Life happens! In this post-Covid 19 world, there are numerous reasons that you just didn't get to finish your taxes. Maybe you or a family member were sick - or perhaps something else significant happened to you and your family.
It might even be something minor. Either way, life happened, and at this moment in time, you're not entirely ready to submit your completed income taxes to the IRS on the April 18th due date. But there is good news: If you need more time to prepare your tax return, you can ask for a time extension to complete and file your tax return, up to October 15th, from the Internal Revenue Service.
The reason you need a tax extension from the IRS doesn't really matter. The IRS gives them automatically as long as you fill out the proper form, Form 4868, and send it in before the due date. However, if you think you're going to need it, don't put off filing for an extension until the last minute either! If you have questions, you can contact RWB Tax Services and speak with an expert tax preparer right now at 770-459-9980.
If you file for a tax extension, you will need to pay interest on any unpaid taxes if you owe money after April 18th. Additionally, the IRS will charge penalties if you don't submit your final return by the original extended deadline of October 15th.
With more time and less stress on your side, you'll now be able to confidently review and complete your tax returns and confirm that you're going to claim all available tax benefits that you can. Plus, you'll bypass the failure-to-file consequences, which can total up to 25% of the taxes due if you do owe anything!
A tax extension will end up giving you much more time to complete your income taxes. This is because the IRS grants an automatic extension for an additional six months past the April 18th deadline.
When you do owe any money to the IRS, remember that filing an extension only gives you more TIME to submit your income taxes - not more time to PAY! Your payment is still due by the deadline for filing your taxes.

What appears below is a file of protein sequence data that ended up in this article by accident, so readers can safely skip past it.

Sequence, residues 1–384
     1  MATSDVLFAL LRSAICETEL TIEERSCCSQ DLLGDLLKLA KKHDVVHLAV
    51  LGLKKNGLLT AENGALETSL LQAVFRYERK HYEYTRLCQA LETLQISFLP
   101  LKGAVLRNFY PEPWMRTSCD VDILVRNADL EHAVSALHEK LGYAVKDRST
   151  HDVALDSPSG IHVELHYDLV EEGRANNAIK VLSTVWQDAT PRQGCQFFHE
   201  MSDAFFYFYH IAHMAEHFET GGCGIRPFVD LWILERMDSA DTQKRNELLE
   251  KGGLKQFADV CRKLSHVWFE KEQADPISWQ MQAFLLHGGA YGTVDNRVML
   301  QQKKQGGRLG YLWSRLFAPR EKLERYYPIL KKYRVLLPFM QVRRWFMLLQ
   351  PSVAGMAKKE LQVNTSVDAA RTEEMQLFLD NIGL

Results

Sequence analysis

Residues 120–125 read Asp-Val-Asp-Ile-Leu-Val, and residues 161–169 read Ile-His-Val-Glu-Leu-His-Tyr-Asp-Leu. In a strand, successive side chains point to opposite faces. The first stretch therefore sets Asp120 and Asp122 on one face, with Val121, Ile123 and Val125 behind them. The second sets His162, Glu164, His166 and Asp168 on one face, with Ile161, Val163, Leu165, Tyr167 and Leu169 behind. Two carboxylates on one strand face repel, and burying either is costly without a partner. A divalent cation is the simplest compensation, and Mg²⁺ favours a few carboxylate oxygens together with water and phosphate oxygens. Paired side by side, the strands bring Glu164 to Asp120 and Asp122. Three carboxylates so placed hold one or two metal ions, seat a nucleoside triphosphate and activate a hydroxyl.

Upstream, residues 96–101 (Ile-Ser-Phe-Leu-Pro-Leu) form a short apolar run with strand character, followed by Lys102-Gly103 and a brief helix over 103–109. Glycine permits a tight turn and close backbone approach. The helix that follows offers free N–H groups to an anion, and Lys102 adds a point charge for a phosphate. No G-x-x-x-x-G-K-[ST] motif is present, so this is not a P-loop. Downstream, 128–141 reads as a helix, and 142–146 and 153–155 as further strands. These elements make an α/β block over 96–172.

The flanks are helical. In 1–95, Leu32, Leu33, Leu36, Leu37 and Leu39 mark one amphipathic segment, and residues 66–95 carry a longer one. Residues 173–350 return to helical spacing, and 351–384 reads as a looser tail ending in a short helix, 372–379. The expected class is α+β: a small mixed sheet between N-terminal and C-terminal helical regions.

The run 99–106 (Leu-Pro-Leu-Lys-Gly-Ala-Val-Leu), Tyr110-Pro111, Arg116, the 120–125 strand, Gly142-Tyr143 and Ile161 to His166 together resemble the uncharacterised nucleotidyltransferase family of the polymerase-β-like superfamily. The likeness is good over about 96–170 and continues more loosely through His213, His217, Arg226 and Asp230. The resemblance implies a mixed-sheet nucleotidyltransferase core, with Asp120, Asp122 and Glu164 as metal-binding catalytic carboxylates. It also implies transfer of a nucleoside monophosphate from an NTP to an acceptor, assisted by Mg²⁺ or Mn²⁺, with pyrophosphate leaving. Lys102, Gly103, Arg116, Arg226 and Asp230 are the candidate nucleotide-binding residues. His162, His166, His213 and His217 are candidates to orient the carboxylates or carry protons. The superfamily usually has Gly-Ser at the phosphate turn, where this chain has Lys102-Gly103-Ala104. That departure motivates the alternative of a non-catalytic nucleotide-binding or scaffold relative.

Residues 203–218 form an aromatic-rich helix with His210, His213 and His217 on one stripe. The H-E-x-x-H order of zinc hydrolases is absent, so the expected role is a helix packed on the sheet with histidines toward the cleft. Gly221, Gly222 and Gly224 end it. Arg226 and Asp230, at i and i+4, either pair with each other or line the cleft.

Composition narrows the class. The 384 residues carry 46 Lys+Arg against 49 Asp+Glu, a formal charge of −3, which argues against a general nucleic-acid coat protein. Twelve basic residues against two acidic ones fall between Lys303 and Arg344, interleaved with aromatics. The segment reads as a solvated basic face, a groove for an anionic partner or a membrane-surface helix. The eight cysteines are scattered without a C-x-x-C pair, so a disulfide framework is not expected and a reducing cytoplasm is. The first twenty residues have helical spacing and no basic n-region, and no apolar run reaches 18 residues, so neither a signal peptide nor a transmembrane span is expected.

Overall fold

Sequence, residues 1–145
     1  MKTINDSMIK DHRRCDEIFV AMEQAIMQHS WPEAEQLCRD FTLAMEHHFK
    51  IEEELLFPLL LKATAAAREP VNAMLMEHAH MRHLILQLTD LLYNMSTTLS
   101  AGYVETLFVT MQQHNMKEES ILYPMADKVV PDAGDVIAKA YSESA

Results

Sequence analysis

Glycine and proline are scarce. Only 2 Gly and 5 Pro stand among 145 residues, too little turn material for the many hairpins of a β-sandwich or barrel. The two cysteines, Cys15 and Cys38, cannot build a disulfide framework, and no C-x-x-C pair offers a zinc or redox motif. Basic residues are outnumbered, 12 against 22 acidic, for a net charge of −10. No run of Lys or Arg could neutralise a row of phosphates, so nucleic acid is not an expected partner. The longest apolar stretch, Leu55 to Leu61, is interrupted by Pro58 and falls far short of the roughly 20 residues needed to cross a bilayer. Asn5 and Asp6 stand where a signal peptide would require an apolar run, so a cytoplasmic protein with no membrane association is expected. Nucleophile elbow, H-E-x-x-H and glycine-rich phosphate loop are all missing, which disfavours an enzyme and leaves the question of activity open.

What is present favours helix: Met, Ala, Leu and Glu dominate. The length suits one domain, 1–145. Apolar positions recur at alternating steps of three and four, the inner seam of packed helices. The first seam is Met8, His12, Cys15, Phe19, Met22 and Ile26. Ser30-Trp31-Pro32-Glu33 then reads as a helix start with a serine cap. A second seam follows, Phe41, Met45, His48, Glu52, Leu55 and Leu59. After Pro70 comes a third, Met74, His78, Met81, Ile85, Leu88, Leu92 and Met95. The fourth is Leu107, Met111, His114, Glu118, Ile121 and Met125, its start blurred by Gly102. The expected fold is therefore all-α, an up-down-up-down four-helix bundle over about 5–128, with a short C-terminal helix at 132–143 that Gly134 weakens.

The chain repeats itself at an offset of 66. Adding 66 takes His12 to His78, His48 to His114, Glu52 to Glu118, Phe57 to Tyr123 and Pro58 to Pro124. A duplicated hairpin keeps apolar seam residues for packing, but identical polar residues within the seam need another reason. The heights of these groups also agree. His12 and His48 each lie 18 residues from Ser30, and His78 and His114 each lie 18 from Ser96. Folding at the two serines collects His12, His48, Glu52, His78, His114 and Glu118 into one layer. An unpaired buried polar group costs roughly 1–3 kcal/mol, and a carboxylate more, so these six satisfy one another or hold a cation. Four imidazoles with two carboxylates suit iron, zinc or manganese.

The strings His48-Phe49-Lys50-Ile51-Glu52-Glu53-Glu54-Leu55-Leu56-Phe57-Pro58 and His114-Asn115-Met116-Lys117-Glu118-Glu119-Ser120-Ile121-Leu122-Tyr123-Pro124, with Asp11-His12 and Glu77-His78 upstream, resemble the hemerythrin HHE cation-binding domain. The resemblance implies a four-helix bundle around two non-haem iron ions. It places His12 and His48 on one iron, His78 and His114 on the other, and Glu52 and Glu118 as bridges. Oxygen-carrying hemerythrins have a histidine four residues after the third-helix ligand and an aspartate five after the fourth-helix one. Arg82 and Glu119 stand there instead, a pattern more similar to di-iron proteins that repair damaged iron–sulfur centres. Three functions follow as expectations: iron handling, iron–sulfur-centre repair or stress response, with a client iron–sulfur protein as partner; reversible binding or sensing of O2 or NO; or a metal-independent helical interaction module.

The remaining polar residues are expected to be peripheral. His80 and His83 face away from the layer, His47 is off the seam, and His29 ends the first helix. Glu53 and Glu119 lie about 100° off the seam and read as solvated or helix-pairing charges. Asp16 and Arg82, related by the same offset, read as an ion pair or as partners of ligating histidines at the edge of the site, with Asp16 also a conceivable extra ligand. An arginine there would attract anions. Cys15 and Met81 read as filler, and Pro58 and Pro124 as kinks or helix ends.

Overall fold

On the other hand, if you forget the Tax Day deadline because you're in the hospital or you're out of the country, you do have choices. Even if you have some other reason why you can't get your taxes filed before April 18th, then extend for as long as possible using Form 4868!
You get an extra six months of time to file your taxes if you get a tax extension. Simply put, you now have until October 15th to file your completed return instead of the original April 18th deadline.
If you owe money when April 18th comes around, then you'll need to file Form 4868 by April 17th to avoid paying penalties on your overdue tax balance. If you do not owe any money to the IRS, then it's worth considering filing an extension just for peace of mind. But remember, extensions only give you six extra months past the original deadline of April 18th - so plan accordingly!
If you miss the Tax Day deadline, just know that you will be charged a penalty fee.
The penalties for missing the tax deadline are as follows:
If you haven't filed your taxes yet, don't worry. You can still get an extension to file them! You'll need to file for a tax extension using Form 4868 and attach this form to your final return in order to receive the extended due date of October 15th.